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North Penn Area 12
EPA Region 3 (Mid-Atlantic)
EPA ID# PAD057152365
6th Congressional District
Last Update: February 2014
Current Site Status
The U.S. Environmental Protection Agency (EPA) oversaw construction related to cleanup activity at this site. All construction activities are now complete. A 5½ mile extension to the existing public water supply system was constructed, and 147 homes and businesses were connected to the public water system.
A groundwater extraction and treatment system was also constructed and is now operational. Long-term monitoring will be conducted to evaluate the performance of the groundwater treatment system and to ensure that homes beyond the extent of the new water system are not adversely affected by groundwater contamination from the site.
A Five-Year Review completed on August 31, 2005 concluded that the remedy is currently protective of human health and the environment.
On June 20, 2007 EPA approved a proposal by the responsible parties to enhance the groundwater extraction and treatment system by installing an additional extraction well on an adjacent property. This well was completed and placed into operation in November of 2007.
The second Five-Year Review was completed on September 28, 2010 and the protectiveness determination was deferred until a vapor intrusion assessment was completed for the Site. The vapor intrusion assessment was completed in October of 2012 and determined that vapor intrusion is not a concern at the Site. The results of the assessment were documented in a Five-Year Review Addendum completed in September 2012, which included an updated protectiveness statement indicating that the Site is currently protective of human health and the environment.
The Five-Year Review Addendum also documents the construction of three new monitoring wells in September 2012 to help determine the effectiveness of the new extraction well and better delineate the plume. The System Effectiveness Evaluation Report was submitted to EPA in 2013 following a year of sampling with the new wells.
The North Penn Area 12 site includes the former Transicoil facility and the adjacent former control facility for a Nike Missile Base on Trooper Road in Worcester Township, Montgomery County, Pennsylvania. Between 1952 and 1991, several different owners have manufactured electric motors at the 25-acre former Transicoil facility. State records show that the facility used several drums of trichloroethylene (TCE) each year as a degreasing solvent until 1976, when it switched to trichloroethane. The company stored waste oil and solvents in an underground tank, and allegedly disposed of spent solvents in the septic system and directly on the ground. In 1979, the State found elevated concentrations of solvent-based chemicals in on-site wells and in private off-site wells. Subsequent sampling by a consultant to Transicoil confirmed the results.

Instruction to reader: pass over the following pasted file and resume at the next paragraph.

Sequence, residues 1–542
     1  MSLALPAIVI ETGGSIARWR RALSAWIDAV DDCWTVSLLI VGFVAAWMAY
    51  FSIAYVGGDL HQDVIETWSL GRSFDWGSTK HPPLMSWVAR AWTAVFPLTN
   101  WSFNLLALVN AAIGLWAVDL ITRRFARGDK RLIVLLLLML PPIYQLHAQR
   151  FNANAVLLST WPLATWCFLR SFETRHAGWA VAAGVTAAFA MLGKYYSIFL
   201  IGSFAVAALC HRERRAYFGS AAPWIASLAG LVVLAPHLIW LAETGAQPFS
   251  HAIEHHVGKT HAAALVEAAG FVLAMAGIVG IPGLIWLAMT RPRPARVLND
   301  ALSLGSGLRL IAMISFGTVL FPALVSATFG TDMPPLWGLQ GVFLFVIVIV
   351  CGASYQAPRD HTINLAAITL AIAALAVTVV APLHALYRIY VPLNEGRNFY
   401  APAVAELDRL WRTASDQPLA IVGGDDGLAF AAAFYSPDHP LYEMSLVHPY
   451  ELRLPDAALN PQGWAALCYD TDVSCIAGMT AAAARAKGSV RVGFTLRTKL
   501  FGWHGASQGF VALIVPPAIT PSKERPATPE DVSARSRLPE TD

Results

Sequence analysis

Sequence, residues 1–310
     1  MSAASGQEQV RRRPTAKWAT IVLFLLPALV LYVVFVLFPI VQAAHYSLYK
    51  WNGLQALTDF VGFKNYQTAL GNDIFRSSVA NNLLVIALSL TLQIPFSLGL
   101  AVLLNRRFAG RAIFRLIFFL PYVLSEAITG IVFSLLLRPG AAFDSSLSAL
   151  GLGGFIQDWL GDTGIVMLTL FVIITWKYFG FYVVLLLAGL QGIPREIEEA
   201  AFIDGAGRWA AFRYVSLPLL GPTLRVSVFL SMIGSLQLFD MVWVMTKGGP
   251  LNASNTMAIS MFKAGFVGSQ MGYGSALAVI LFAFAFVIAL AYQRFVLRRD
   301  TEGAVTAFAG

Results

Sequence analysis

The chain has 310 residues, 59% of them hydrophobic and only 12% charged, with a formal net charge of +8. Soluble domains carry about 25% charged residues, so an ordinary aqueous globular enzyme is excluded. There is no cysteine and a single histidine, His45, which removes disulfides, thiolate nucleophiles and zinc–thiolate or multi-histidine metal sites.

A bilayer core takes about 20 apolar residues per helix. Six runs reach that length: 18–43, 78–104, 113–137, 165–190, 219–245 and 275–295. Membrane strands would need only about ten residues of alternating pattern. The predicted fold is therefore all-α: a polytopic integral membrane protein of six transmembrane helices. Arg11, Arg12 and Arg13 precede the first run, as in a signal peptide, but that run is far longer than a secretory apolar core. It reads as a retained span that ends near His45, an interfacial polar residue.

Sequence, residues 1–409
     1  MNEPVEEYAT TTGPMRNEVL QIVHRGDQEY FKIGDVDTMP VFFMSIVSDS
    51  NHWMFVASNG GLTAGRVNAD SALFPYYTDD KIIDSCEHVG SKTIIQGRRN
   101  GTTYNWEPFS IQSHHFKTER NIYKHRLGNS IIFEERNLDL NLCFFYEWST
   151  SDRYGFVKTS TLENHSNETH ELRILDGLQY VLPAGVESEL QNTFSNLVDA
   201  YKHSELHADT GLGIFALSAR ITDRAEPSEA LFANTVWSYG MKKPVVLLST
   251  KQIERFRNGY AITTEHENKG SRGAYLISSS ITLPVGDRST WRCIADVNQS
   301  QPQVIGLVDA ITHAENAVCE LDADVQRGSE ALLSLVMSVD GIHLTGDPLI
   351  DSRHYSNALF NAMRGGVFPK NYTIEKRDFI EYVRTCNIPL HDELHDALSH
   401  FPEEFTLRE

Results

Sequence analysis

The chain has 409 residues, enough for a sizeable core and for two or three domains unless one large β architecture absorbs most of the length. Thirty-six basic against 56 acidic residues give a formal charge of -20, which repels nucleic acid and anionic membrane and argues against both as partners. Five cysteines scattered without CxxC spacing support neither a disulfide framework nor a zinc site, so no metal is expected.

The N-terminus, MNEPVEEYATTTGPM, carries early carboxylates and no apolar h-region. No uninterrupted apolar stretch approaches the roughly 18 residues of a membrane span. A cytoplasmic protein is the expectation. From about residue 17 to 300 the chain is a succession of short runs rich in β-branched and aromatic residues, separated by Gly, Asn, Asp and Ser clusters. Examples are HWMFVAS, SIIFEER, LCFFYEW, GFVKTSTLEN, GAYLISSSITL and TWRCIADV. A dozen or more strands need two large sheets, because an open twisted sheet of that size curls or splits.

The North Penn Area 12 Site also includes the 12-acre former Nike missile control facility that was located adjacent to the Transicoil property and operated by the U.S. Army. The former Nike control facility property was used by the Army from 1954 to 1968. TCE was allegedly used and disposed of at the former Nike control facility property between 1954 and 1968.
The area surrounding the site is primarily rural, interspersed with agricultural activities and housing developments. Approximately 16,200 people live within a three-mile radius of the site and use groundwater as a drinking water supply. The closest residence is 600 feet from the site. Schools and hospitals are also located nearby.
- Site Responsibility
- This site is being addressed through a combination of federal, state, and potentially responsible parties' actions.